In case you haven’t seen my posts on the topic before, Tina and I are looking for a new home. Cam’s getting to the age where he needs more space (and I would like an office that isn’t also a bedroom). So we’ve spent the better part of a year fixing the things that needed fixing… and making the house a curb-appeal rockstar.
Meanwhile, we’re sorta’ looking, too (no, we’re not dumb enough to want to try to have two mortgages – no thank you). But if we get an offer, we need to be prepared. So we’ve keep a running list of a few potential properties that we’d like to go see in the event things work out for us. A few days ago, things started to look like they would.
So we took 3 hours out of our realtor’s Fourth of July weekend to go house hunting yesterday. I have to say that I’m pretty disappointed overall… and I think it has to do with some central tenants/laws/rules about selling homes that really closely pair with rules for dating.
1. Set expectations properly. When you’re dating, especially online, the first thing most people show is their photo. As a guy, I can tell you that if you are looking through a screen of women and all you see is a head, the first question you have is about the body.
Homes are the same. If you show the inside, but no exterior shots – my first thought is that there’s something wrong with the outside. Additionally, when you DO show photos of the outside, don’t take a photo from a weird angle to use some form of forced perspective to make it no longer appear that you have a 200′ vertical elevation drop from the street to your garage. The minute I see that in real life, I’m not even going to look inside your home (which will become more important to you, the seller, in a minute).
Also – if you post a sign or have a request that I take of my shoes when entering, you’d better well have your place looking like a “no shoes” home. By that, I mean:
- you’d better not be a smoker and have cigarette butts outside or smoke smell inside
- your floors had better be immaculately clean (my white socks will tell me the story in a minute)
- you probably shouldn’t have a dog – especially one that requires food and water bowls in the kitchen AND in your master bathroom… and where you’ve picked up the slopped food around the bowls, too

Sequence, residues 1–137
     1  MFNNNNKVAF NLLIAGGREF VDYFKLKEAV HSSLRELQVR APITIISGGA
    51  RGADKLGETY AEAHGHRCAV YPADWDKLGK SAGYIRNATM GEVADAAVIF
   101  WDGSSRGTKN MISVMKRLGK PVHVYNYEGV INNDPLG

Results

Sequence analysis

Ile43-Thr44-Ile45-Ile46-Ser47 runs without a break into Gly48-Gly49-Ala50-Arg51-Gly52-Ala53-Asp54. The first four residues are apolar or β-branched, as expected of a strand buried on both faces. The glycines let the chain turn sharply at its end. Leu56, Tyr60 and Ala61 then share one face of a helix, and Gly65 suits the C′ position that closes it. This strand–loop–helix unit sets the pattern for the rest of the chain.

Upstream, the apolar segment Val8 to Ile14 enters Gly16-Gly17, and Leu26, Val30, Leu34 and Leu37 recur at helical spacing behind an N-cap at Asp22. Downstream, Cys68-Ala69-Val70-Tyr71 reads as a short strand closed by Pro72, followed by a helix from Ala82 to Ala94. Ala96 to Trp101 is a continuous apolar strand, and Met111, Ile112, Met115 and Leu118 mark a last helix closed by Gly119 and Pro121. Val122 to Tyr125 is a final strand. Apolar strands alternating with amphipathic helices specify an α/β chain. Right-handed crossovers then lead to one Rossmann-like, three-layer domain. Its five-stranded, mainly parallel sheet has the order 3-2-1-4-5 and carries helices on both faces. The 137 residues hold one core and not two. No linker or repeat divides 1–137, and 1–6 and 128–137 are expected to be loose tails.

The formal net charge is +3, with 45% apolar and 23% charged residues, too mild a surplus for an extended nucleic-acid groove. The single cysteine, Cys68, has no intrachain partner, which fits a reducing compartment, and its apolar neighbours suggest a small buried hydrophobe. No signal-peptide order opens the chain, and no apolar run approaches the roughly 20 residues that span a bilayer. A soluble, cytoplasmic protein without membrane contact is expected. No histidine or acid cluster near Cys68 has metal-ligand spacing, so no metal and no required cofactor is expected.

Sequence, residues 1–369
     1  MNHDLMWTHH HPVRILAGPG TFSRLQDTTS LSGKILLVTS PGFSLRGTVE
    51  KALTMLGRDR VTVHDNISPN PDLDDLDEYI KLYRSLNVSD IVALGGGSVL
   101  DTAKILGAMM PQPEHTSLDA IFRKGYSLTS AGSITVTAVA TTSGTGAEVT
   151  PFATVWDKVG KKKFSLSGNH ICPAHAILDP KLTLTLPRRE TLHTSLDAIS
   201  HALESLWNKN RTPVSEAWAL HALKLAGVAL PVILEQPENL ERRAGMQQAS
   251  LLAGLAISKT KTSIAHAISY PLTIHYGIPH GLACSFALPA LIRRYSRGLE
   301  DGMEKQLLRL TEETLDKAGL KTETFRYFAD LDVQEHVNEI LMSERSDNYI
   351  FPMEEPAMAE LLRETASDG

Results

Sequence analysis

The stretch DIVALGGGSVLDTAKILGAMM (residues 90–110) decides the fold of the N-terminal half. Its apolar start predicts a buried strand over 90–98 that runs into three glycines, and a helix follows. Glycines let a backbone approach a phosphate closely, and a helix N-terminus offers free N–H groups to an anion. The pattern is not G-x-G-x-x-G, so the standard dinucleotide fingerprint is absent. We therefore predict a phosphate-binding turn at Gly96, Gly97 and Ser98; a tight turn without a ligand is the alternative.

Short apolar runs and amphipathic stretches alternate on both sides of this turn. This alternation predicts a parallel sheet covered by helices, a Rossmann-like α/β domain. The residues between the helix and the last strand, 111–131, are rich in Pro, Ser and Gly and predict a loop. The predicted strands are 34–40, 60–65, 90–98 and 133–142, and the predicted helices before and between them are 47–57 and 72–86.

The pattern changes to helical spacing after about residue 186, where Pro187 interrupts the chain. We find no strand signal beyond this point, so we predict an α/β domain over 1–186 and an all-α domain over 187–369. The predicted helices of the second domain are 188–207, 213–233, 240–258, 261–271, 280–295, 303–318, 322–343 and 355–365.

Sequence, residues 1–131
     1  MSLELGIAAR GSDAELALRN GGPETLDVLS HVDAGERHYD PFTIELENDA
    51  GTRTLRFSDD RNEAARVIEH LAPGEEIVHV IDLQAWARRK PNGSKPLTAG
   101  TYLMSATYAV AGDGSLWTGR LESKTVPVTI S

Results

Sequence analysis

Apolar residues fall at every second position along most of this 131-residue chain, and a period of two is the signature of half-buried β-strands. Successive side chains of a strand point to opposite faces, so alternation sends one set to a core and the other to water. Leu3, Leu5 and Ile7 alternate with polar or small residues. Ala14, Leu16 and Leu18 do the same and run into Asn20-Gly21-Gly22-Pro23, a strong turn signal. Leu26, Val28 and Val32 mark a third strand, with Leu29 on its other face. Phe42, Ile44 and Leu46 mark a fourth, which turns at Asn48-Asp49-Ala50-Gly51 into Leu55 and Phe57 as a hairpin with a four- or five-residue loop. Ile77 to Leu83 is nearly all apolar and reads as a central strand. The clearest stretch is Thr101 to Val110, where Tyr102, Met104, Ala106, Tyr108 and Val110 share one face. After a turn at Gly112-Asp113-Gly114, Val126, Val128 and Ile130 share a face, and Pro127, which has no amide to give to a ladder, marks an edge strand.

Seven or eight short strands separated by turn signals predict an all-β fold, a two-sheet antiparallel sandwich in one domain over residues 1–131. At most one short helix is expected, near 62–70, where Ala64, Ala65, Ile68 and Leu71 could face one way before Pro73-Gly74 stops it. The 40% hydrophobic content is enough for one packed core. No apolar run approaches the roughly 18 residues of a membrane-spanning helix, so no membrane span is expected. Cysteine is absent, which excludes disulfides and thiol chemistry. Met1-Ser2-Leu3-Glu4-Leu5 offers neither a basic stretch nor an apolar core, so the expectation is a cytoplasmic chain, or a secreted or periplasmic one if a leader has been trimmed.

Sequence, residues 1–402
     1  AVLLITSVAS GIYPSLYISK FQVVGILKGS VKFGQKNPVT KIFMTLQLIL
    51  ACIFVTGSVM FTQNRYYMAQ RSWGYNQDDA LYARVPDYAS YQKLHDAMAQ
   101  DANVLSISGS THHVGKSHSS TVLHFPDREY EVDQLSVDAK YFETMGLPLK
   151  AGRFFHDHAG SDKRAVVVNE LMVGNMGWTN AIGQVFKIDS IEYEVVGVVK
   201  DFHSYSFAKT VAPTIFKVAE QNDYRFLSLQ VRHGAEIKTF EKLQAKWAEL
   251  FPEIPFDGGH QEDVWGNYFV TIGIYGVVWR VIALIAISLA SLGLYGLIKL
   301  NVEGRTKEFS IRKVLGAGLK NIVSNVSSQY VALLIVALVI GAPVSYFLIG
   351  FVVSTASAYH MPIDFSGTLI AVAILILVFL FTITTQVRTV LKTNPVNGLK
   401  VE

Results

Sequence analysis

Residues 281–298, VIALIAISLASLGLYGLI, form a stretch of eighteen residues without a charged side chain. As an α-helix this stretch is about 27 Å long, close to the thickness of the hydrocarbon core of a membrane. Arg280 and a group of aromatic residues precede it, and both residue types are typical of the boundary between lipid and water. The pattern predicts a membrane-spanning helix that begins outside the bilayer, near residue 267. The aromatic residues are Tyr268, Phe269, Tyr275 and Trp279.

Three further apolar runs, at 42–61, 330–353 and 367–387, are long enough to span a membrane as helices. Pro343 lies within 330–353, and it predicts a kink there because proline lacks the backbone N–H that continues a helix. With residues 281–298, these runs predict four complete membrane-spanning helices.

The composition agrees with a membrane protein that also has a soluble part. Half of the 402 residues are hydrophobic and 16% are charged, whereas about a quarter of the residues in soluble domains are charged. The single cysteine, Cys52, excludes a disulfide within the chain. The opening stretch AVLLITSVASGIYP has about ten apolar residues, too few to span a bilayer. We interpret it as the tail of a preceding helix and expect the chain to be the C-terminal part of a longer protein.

4. Don’t waste my time. Actually, all of these rules come together to support this final rule. If you waste my time, you’re never going to get my interest. If I have to figure out the “real you” in dating or the “real deal” on the house, that’s wasting my time. And given the amount of technology at our disposal these days to find out a lot of the story early on in the “relationship”, don’t be surprised that if you try to fool me to get me close and when I am and see you for what you are … that I run.
Yesterday, we saw the 200′ vertical drop house in person. Photos made it look great, but there was no way that we would ever make it up and onto the street in a Raleigh winter with a little ice or freezing rain. So we didn’t bother to even look inside the house. There was no way to fix this issue.
Some people probably don’t care about things like that (heck, the house isn’t brand new, so theoretically, several people haven’t been bothered by it). But deceiving me enough to drive out to BFE to see it in person just pissed me off. So I cancelled my showing slot. Which, if you’re like me, meant that you had been forced out of your house during my slot and now have nothing to show for it.
On the flip side… don’t make a showing appointment with me and then cancel mid-way through the time. I’ve had to pack Cam into the car… maybe even wake him from a nap a little early. All told, a huge inconvenience. I’ve been completely honest in my listing and photos so there’s nothing unexpected about what you’ll see when you arrive. So don’t bail on me now. Because, as with dating, I can find out who you are (or who your House Pimp is)… and I can promise that if you call back later, I won’t be pleasant to deal with. 🙂